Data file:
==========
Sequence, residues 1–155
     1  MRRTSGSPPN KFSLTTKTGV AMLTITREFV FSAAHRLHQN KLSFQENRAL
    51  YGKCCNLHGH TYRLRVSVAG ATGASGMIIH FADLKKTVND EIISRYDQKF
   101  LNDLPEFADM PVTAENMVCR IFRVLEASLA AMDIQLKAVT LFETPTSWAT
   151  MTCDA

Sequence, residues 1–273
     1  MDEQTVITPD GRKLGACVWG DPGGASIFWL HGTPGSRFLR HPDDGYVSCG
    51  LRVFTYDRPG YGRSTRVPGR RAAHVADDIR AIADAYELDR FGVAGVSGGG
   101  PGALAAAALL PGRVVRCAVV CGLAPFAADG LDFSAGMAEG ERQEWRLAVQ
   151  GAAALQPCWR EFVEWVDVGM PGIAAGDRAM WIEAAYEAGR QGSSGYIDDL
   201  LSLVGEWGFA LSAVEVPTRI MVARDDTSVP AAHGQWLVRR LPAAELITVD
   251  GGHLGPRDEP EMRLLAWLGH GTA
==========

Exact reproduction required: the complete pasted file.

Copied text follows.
Sequence, residues 1–155
     1  MRRTSGSPPN KFSLTTKTGV AMLTITREFV FSAAHRLHQN KLSFQENRAL
    51  YGKCCNLHGH TYRLRVSVAG ATGASGMIIH FADLKKTVND EIISRYDQKF
   101  LNDLPEFADM PVTAENMVCR IFRVLEASLA AMDIQLKAVT LFETPTSWAT
   151  MTCDA

Sequence, residues 1–273
     1  MDEQTVITPD GRKLGACVWG DPGGASIFWL HGTPGSRFLR HPDDGYVSCG
    51  LRVFTYDRPG YGRSTRVPGR RAAHVADDIR AIADAYELDR FGVAGVSGGG
   101  PGALAAAALL PGRVVRCAVV CGLAPFAADG LDFSAGMAEG ERQEWRLAVQ
   151  GAAALQPCWR EFVEWVDVGM PGIAAGDRAM WIEAAYEAGR QGSSGYIDDL
   201  LSLVGEWGFA LSAVEVPTRI MVARDDTSVP AAHGQWLVRR LPAAELITVD
   251  GGHLGPRDEP EMRLLAWLGH GTA